Residents of posh Point Waterfront apartment up in arms after pregnant mom gets stuck in lift

By Lee Rondganger Time of article published Feb 15, 2021

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Durban - THE Sails on Timeball block of apartments on the Point Waterfront which has sweeping views of the Durban harbour is prime location in the city.

It is within walking distance of the newly opened beachfront promenade and on the doorstep of uShaka Marine World which makes it highly sought after by investors, home buyers and holidaymakers.

But some residents in the buildings who have spoken to IOL say the apartment block has been allowed to run down by the body corporate who have not fixed leaks, allowed the building to crack in places and not maintained the lifts.

In addition they complain that they have to put up with excessive noise until the early hours of the morning from a nearby nightclub and holiday letters who do not care about the rules.

Owners and residents of the 148-unit block pay more than R3000 a month in levies.

A unit in the block sells from R2.2m and can fetch up to R10m for an upper floor apartment.

At the weekend, in a turn of events that angered several residents, a pregnant mother got stuck in one of the six lifts for more than half an hour and had to be freed by other residents.

Chanelle Manickum described her experience as terrifying, saying she feared for not just her baby’s life but her life when the lift doors did not open on Saturday and she realised she was stuck.

“I am asthmatic and suffer from a lung condition. When I was told by the security that there was nothing they could do for me and I had to wait for the people from the lift company to open the lifts I panicked. It was hot and stuffy in there and there was no air coming through. I felt like I was going to pass out and screamed,” she said.

Manickum said that eventually her husband, assisted by a few other residents, pried open the doors and freed her.

“Of the six lifts, only one was working. It is so hazardous and dangerous. Things like this should not be happening in a building like the Sails,” she said.

Another resident said that the building was leaking in several places and it was not properly managed.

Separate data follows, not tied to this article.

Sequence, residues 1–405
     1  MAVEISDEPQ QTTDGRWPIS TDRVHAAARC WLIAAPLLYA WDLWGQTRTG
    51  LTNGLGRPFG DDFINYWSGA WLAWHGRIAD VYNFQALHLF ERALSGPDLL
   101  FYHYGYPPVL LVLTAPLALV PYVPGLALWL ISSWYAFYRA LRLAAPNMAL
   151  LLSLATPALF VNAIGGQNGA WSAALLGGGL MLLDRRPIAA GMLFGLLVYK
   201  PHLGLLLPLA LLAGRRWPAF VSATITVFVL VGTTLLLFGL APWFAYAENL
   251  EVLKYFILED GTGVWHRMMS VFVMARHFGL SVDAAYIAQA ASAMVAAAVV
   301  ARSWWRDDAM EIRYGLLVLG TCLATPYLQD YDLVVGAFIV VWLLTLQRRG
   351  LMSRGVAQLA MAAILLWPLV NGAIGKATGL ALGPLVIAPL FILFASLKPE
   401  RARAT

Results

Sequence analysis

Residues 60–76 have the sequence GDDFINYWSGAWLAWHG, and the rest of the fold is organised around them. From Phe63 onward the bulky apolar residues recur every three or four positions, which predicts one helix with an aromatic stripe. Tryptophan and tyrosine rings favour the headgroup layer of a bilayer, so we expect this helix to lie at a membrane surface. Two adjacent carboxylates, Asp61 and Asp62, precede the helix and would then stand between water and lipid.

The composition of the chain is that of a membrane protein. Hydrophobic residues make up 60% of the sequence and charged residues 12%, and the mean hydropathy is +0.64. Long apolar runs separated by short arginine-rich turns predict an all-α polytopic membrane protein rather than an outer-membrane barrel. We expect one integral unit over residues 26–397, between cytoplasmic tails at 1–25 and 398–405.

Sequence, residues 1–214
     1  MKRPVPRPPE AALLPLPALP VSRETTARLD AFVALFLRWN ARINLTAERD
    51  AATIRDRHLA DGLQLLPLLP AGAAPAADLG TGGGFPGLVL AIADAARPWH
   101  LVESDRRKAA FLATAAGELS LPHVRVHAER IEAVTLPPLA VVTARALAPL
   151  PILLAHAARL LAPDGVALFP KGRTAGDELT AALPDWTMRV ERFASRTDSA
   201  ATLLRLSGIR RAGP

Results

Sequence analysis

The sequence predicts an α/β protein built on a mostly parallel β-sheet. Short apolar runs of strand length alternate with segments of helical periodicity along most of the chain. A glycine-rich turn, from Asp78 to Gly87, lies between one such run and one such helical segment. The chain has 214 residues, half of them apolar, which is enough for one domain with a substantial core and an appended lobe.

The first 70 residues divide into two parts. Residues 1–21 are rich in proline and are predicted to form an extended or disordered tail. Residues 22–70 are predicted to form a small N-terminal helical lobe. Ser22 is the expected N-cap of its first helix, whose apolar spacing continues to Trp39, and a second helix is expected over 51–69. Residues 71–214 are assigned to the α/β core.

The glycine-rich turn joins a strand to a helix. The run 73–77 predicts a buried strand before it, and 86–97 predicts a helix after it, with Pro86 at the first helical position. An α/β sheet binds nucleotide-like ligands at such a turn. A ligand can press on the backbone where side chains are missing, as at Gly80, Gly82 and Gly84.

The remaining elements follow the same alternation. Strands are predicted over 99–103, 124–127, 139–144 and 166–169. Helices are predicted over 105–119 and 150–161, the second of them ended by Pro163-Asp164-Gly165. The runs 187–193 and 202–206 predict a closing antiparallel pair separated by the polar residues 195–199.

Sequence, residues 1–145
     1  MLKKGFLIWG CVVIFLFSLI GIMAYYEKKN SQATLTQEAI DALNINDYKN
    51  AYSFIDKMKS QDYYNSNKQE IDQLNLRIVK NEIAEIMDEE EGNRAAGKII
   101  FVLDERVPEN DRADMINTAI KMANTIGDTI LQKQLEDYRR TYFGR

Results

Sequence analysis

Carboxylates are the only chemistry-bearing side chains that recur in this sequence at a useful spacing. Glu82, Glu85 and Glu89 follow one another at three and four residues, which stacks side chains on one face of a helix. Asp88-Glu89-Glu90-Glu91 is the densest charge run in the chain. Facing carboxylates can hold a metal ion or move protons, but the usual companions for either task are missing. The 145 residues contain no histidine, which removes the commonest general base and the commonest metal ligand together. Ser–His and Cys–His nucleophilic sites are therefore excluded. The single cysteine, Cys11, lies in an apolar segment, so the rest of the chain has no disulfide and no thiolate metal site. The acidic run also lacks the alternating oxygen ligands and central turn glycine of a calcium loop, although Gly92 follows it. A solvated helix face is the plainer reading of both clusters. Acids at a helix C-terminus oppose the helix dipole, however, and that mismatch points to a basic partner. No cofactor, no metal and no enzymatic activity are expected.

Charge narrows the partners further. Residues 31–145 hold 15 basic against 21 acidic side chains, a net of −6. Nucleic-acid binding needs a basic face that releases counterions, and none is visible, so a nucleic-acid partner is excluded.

He said bad elements were allowed into the building without question and parties went on until the early hours, often disturbing residents.

“The constant fighting for power within the building has led to a totally dysfunctional building which is falling apart with no management structure,” said a resident who did not to be named.

“There are all types of illicit activities going on including the making of porn movies. Not only that, but the building is leaking in several places and is totally unsafe. The people the management allow inside the buildings make a noise and there is often fighting that spill out onto the streets,” he said.

Logan Naidoo, the chairperson of the body corporate, said that following the complaints by the residents they had decided to get a building inspector from the eThekwini municipality to have a look at the building and write up a report on all the defects.

“We will be able to, with this report, fix things up in the building. What people need to realise is that I am also an owner of an apartment in the building and it is in the best interest of all of us that the building is fixed and maintained,” he said.

He said the problems with the lifts were being sorted out with a maintenance contractor.

Naidoo agreed that residents at the Sails should expect a well maintained building for the amount of levies they paid.

He said that he was only elected as chairperson of the body corporate in mid-December and that much of the problems were created by previous body corporates that failed to keep a handle on expenditure.

Naidoo said: “People are going to the media now because we are trying to enforce the rules. There have been people on the body corporate for more than 10 years who have allowed things to go the way they have.

“We are paying high levies because they ran the building to the ground. Because of this we are paying R33 a square metre in levies compared to R20 a square metre people are paying in Umhlanga for the same thing.”

Regarding the noise complaints, Naidoo said that people who bought into the building knew they bought into a mixed zone building.

“It is not purely residential. We have space for entertainment and other mix uses. Last year when there were complaints about the nightclub downstairs we spoke to the owner of the club and he actually closed the club down,” Naidoo said.

“There has also been complaints about the noise in the building caused by some tenants. Some of the units in this building is rented out to holidaymakers and with regard to this, there is an element of racism because many of the people who come here on holiday are African people.

“People who live in the building must understand this and they were aware that this happens when they bought into the building. This week we called for a meeting to discuss holiday letting and a wide range of issues facing the building, but out of the 148 units in the building, only four are attending this meeting. Instead of working together to fix things, people would rather complain.”

Naidoo said that they sent two newsletters to residents in recent weeks outlining what was being done to maintain the building and other issues.


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